Having lived in Southern California for most of my life I have a soft spot for the car culture that is woven into the strands of the area’s DNA. I had a classic fire engine red 1965 Mustang that was totaled in an accident years ago and I still mourn the loss. When I discovered this Mi-Lady Hair Net package in an online auction recently, I knew I had to have it; the little roadster is irresistible.
The automobile has had a profound effect on L.A.. While these days we have a tendency to focus on the negative impact of cars on the city–traffic, traffic, and more traffic–during the 1920s and 1930s, cars inspired a trend in architecture that would have made what Alice saw down the rabbit hole seem mundane.
Programmatic, mimetic, and novelty are terms that describe the whimsical style of architecture that was at its peak during the 1920s and 1930s. Structures were built to resemble the products or services they offered, the buildings were designed specifically to attract the attention of people as they passed by in their automobiles.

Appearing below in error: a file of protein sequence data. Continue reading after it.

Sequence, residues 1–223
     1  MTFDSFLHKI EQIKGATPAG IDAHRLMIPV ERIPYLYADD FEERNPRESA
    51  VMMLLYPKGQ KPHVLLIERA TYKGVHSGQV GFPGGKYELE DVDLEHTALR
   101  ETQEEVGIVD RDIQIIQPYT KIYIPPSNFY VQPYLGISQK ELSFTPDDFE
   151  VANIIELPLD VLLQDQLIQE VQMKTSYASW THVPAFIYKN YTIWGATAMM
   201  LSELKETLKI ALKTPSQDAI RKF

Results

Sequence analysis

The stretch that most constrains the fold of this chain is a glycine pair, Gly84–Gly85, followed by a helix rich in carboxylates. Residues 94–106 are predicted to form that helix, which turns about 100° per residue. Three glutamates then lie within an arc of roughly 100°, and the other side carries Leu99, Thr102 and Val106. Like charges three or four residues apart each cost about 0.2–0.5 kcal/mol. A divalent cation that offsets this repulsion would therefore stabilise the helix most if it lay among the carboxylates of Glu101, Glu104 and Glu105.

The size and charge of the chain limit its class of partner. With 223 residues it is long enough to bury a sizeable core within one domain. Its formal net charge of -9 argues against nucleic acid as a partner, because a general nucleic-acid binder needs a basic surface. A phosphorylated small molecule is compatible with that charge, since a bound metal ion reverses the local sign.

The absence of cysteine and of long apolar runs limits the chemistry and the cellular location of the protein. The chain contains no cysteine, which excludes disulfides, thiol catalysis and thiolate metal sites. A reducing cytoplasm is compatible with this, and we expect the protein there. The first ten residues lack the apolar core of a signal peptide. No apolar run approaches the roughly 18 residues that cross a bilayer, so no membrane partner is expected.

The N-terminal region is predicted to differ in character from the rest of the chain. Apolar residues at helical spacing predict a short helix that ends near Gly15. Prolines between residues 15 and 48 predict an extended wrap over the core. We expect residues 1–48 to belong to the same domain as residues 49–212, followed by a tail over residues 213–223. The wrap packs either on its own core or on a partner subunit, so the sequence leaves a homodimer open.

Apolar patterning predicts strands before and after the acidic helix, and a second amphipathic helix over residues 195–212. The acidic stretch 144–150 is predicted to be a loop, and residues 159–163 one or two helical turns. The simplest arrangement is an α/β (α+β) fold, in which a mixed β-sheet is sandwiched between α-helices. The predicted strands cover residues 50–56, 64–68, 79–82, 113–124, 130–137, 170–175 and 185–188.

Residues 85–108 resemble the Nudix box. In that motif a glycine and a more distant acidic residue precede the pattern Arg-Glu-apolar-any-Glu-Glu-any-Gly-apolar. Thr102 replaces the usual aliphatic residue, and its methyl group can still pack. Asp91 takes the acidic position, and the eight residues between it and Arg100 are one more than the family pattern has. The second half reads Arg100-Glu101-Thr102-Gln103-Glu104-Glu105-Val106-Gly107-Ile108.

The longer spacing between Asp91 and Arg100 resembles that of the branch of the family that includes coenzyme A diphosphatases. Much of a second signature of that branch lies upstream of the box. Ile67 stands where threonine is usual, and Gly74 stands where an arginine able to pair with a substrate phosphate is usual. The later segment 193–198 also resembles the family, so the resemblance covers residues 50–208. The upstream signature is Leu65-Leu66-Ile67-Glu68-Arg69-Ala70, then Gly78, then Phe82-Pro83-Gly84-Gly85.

Let’s tag along:
The pair begins their day by grabbing a cup o’ Joe and a pastry in a building shaped like a giant coffee pot. Later in the morning they find themselves craving freshly squeezed orange juice, so they pull into a café shaped like, what else, a giant orange!
The newlyweds long to find a sweet California bungalow to call home; so they are ecstatic when the salesmen at the Sphinx Realty Company, located in a replica of the Egyptian icon, help them track down their dream house.
After making a down payment on a cozy cottage, the couple decides to purchase a piano—just the thing for evening sing-a-longs with family and friends. With a colossal piano marking the entrance to the showroom, the California Piano Supply Company is the ideal place to shop for a baby grand.
Following bowls of chili at The Tamale in East L.A., the couple fire up their little sports car and speed off into the warm Los Angeles night.
Photographs courtesy the Los Angeles Public Library